“Immigration and the California Central Valley” by Xuanning Fu., PhD., associate professor, Department of Sociology. Presentation at 9:45 a.m.:
“California’s Central Valley is the agricultural base of the state, but has lower per capital income, lower average educational attainment and higher poverty levels than other regions. The Valley has in the recent decade experienced a loss of highly educated individuals to other parts of the state while gaining populations that are less educated and lower skilled, due to selective internal migration. This study examines the same issue, but focuses on the impact of international immigration. … Immigrants living in the Valley are significantly less likely to hold a professional or managerial job than those who live elsewhere in the state or the nation, thus adding to the brain drain the Valley is facing.”
“Raising Voices and Visions out of Fresno’s Housing Crisis and Organizing to Improve our Community” by Matthew Jendian, PhD.; director, American Humanics Program, and associate professor, Department of Sociology. Presentation at 10:10 a.m.:
“Data will be presented regarding Fresno’s housing crisis supplemented with individuals’ stories of their housing conditions. The origins of the Fresno Housing Alliance, a coalition of community members committed to increase the availability of safe, decent, accessible affordable housing in Fresno, will be discussed, along with some of the principles used in organizing for change. Some the obstacles to making housing affordable to our residents also will be discussed, as will some key elements of the strategy developed by the alliance to address this issue.”
“Methodologies for Studying Health Disparities Among Children in Central California” by Virginia Rondero Hernandez, PhD.; associate director, Central California Children’s Institute, and assistant professor, Department of Social Work Education. Presentation at 10:50 a.m.:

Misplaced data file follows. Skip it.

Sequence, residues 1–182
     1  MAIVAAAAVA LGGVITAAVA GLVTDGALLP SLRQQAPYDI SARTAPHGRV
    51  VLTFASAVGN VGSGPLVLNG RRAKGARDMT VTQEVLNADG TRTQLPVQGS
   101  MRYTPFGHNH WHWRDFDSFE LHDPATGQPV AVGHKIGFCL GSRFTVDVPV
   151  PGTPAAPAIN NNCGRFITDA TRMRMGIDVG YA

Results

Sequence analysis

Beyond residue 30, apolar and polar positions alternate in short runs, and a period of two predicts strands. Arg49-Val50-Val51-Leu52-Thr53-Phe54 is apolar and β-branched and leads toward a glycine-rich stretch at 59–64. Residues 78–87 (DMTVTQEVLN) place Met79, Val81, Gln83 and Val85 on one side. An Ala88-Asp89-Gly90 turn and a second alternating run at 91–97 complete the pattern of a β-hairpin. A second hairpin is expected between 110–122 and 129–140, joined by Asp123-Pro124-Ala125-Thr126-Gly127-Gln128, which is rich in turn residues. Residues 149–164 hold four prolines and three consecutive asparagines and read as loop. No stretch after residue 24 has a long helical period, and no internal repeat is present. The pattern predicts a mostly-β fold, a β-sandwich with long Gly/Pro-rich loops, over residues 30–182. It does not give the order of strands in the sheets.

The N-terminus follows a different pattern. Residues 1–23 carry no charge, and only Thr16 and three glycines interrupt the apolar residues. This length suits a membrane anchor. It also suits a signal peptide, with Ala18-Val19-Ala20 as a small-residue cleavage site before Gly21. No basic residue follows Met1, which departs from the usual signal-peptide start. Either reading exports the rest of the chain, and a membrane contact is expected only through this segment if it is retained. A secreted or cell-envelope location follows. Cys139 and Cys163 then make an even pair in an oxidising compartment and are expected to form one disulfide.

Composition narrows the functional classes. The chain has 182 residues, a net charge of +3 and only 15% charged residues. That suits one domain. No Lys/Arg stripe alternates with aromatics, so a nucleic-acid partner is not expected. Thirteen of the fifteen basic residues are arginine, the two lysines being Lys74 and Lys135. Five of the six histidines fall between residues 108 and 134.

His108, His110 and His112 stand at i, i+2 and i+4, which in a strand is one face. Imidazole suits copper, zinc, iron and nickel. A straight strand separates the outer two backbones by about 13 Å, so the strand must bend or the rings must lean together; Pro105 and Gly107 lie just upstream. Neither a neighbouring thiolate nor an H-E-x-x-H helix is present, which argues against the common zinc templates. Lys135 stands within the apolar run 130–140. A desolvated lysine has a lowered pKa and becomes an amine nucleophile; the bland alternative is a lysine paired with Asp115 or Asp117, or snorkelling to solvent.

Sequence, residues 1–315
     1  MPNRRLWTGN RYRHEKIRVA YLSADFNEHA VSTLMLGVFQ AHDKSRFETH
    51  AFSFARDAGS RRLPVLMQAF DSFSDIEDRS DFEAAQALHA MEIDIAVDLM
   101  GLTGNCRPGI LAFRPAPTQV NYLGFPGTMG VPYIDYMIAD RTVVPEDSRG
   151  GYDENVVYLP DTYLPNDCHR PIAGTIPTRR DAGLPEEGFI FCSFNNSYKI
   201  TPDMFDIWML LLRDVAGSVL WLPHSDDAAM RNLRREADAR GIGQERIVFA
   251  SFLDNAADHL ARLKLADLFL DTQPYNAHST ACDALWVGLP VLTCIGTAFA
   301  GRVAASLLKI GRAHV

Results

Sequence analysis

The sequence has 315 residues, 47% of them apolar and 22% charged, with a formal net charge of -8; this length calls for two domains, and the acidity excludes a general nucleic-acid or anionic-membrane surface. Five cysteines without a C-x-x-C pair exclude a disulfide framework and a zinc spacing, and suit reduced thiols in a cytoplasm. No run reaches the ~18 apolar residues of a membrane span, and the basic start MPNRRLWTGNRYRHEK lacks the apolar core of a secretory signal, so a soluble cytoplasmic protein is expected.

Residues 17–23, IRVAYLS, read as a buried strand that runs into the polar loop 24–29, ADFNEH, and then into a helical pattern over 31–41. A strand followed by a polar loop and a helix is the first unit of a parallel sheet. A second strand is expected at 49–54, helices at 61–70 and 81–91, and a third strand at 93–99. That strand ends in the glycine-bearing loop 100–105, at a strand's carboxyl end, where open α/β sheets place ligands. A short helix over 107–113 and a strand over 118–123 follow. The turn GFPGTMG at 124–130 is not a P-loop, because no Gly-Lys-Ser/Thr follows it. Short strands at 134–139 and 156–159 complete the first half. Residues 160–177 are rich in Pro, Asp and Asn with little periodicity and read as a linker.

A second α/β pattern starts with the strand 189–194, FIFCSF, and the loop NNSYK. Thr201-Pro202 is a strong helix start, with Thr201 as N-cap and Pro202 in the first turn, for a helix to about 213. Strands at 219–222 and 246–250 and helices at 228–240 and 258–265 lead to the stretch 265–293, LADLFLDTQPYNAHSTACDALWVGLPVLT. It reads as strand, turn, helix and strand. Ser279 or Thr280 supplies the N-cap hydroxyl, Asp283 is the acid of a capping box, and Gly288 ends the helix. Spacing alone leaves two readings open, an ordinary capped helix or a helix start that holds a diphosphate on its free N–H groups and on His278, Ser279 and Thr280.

“This presentation will describe the research objectives, analysis strategies and outcomes produced by multidisciplinary faculty research teams working in partnership with the Central California Children’s Institute at [Fresno State]. Reports on the health and well-being of children in the region, childhood asthma, childhood obesity, teen births and child hunger have helped to advance health policy discussions in the region and set the stage for further research activity on the prevalence of child health disparities in Central California.
“Key Health and Healthcare Challenges for the San Joaquin Valley” by John A. Capitman, PhD.; executive director, Central Valley Health Policy Institute, and professor of public health, College of Health and Human Services. Presentation at 11:15 a.m.:
“National Healthy People 2010 objectives can be used to rate health and healthcare quality in the region in comparison to the rest of California and the nation. These comparisons show that for key indicators, health is worse in the region than the state or the nation and there is little evidence of progress in recent years. These data also underscore the extent of racial/ethnic and insurance status disparities in health, while additional measures underscore specific areas for healthcare improvements. The Central Valley Health Policy Institute is collaborating with multiple organizations around the region to address some of these issues.”